Islam is built upon ideas. If we contribute to the world of ideas in any way, but in particular in such a way that everyone benefits from the contributions, then we also contribute to Islam.

This week, Tariq Ramadan wrote a piece for the Guardian lamenting the constraints of being described as a “Muslim intellectual and scholar.” It was the same as being assigned a pre-determined category which must speak about certain topics or his intentions are suspect. Among the topics he mentioned: secularism, Islamic penal code, Muslim women’s rights, headscarf or burqa, and equality, it is interesting to note how many have to do directly with women or with gender identity and politics.

He was concerned that using vaguely poetic or philosophical language might be seen as an attempt to mislead the readers. Otherwise, he should just stick to these button issues. Isn’t it curious that women are expected to address these topics no matter what their intellectual discipline? Failure to do so is tantamount to moral irresponsibility. The double whammy comes when we do address them, because then we are immediately cast into the category of activist, and therefore not intellectual or intellectual enough. Let’s face it, knowledge is power and to enter the world of ideas is powerful.

In 2009 a Wahabbi-funded publication called “The 500 Most Influential Muslims” was published. Nice and glossy, more than 200 pages, with the entire text also online, and given away free in so many places I cannot count them. Propaganda for sure. My shaykh said to me, I see you made it into the book. I told him I do not need the recognition of the particular parties involved, including the neo-Orientalist scholar who edited it, to affirm my contributions to Islam (or to my faith, for both are part of my devotion to Allah). They do have a substantial number of women included, so I would not complain on that count. But, here’s the thing: there are no women under the category of Muslim intellectuals.

Apparently women don’t think.

So it is even harder to adjust to the loss of these three men whose intellectual contributions helped to shape the ways we think about and in fact live Islam today; both for women and for men. I am not so excited about the void they are leaving and the ones who might assume their position in the future—especially the men, whether or not Tariq Ramadan feels comfortable being included among them.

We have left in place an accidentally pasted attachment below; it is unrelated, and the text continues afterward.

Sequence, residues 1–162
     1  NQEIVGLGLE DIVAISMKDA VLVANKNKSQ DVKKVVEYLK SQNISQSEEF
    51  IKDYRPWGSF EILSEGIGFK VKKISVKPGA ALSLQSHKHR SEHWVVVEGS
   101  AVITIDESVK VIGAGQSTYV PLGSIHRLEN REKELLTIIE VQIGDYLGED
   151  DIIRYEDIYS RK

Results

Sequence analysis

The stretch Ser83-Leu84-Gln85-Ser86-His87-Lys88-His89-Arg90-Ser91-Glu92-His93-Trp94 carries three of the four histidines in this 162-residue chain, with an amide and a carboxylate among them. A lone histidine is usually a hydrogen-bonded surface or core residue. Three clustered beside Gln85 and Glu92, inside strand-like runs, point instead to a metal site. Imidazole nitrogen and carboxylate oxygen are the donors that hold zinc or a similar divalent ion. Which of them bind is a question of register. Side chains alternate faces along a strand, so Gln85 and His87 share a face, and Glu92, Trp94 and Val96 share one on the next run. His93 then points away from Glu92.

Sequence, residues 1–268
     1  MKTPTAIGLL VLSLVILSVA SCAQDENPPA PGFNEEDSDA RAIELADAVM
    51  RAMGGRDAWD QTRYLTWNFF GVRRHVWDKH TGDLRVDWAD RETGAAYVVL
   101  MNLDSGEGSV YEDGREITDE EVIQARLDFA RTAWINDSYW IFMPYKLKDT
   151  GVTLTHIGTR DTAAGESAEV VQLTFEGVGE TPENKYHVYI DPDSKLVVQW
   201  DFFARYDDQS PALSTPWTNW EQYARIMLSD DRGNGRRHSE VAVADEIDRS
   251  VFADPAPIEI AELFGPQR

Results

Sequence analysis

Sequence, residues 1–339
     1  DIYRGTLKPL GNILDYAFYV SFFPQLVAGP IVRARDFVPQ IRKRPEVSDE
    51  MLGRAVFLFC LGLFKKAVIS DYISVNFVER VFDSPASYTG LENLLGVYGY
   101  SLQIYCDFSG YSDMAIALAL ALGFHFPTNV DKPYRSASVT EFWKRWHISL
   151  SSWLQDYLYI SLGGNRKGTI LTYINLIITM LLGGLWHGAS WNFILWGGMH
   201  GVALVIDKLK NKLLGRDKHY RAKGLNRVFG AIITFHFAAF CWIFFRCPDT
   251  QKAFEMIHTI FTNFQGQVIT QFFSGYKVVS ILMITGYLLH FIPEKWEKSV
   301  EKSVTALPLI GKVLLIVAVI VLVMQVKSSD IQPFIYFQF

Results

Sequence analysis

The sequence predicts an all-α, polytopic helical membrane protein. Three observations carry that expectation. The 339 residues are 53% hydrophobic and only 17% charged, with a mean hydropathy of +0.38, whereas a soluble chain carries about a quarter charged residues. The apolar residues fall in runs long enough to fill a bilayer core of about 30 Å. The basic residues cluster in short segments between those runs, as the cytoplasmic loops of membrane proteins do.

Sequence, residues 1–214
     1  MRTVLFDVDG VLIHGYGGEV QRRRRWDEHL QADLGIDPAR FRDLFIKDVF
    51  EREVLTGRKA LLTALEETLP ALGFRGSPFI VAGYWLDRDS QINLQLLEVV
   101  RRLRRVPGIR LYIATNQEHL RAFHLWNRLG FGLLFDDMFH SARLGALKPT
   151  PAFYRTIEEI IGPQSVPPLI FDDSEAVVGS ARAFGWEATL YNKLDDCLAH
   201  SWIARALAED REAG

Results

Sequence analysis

We have an increasing number of men recognized as intellectuals whose self-appointed role as leaders gives me pause. Is this the result of having leading ideas that we all can follow and benefit from, like these three men? Or what about the question of the integrity of leadership, does it bring the scholarly contributions under question? Whatever happens in the future, if women’s ways of knowing are not integrated, we will simply be repeating the patriarchy of the past. I am not inclined at all to follow such footsteps, no matter how many institutional accolades, glossy publications, endowed locations in academia, or other strategic awards they might be given.

Once the ideas become the purview of the powerful, they have failed to lead in their own right, but are rather manufactured for the greatest effect.

There was modesty in these three men. Somehow, what they contribute was more important than what others might think about them. Few of those who want us to think that they are the next generation have such modesty, my friend Tariq Ramadan included. This is a difficult role to fulfill, and the general status of our community just about closes the door to such an option for a woman. We had better keep our focus on the matter of burqas and broomsticks.